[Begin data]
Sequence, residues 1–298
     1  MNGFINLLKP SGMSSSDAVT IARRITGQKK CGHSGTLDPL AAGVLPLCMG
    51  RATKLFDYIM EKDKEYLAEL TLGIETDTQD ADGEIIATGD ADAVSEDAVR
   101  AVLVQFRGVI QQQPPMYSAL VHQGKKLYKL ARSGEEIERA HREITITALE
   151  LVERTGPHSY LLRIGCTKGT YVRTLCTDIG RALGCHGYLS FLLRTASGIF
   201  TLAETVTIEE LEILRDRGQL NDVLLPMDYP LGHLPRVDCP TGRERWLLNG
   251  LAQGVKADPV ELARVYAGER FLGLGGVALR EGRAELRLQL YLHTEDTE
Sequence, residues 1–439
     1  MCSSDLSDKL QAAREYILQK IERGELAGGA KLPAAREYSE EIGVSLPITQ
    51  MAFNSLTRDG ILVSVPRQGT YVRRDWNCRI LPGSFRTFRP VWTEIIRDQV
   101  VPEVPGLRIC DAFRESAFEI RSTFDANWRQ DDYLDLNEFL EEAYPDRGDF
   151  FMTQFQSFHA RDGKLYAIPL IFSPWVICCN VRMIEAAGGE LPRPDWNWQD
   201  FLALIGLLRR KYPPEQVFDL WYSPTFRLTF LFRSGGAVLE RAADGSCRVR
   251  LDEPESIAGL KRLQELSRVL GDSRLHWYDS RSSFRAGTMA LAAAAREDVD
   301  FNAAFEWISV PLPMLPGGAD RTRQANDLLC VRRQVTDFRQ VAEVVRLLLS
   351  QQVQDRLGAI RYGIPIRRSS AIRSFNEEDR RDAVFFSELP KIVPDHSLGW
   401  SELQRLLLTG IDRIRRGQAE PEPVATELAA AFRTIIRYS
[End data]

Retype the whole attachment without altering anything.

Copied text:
Sequence, residues 1–298
     1  MNGFINLLKP SGMSSSDAVT IARRITGQKK CGHSGTLDPL AAGVLPLCMG
    51  RATKLFDYIM EKDKEYLAEL TLGIETDTQD ADGEIIATGD ADAVSEDAVR
   101  AVLVQFRGVI QQQPPMYSAL VHQGKKLYKL ARSGEEIERA HREITITALE
   151  LVERTGPHSY LLRIGCTKGT YVRTLCTDIG RALGCHGYLS FLLRTASGIF
   201  TLAETVTIEE LEILRDRGQL NDVLLPMDYP LGHLPRVDCP TGRERWLLNG
   251  LAQGVKADPV ELARVYAGER FLGLGGVALR EGRAELRLQL YLHTEDTE
Sequence, residues 1–439
     1  MCSSDLSDKL QAAREYILQK IERGELAGGA KLPAAREYSE EIGVSLPITQ
    51  MAFNSLTRDG ILVSVPRQGT YVRRDWNCRI LPGSFRTFRP VWTEIIRDQV
   101  VPEVPGLRIC DAFRESAFEI RSTFDANWRQ DDYLDLNEFL EEAYPDRGDF
   151  FMTQFQSFHA RDGKLYAIPL IFSPWVICCN VRMIEAAGGE LPRPDWNWQD
   201  FLALIGLLRR KYPPEQVFDL WYSPTFRLTF LFRSGGAVLE RAADGSCRVR
   251  LDEPESIAGL KRLQELSRVL GDSRLHWYDS RSSFRAGTMA LAAAAREDVD
   301  FNAAFEWISV PLPMLPGGAD RTRQANDLLC VRRQVTDFRQ VAEVVRLLLS
   351  QQVQDRLGAI RYGIPIRRSS AIRSFNEEDR RDAVFFSELP KIVPDHSLGW
   401  SELQRLLLTG IDRIRRGQAE PEPVATELAA AFRTIIRYS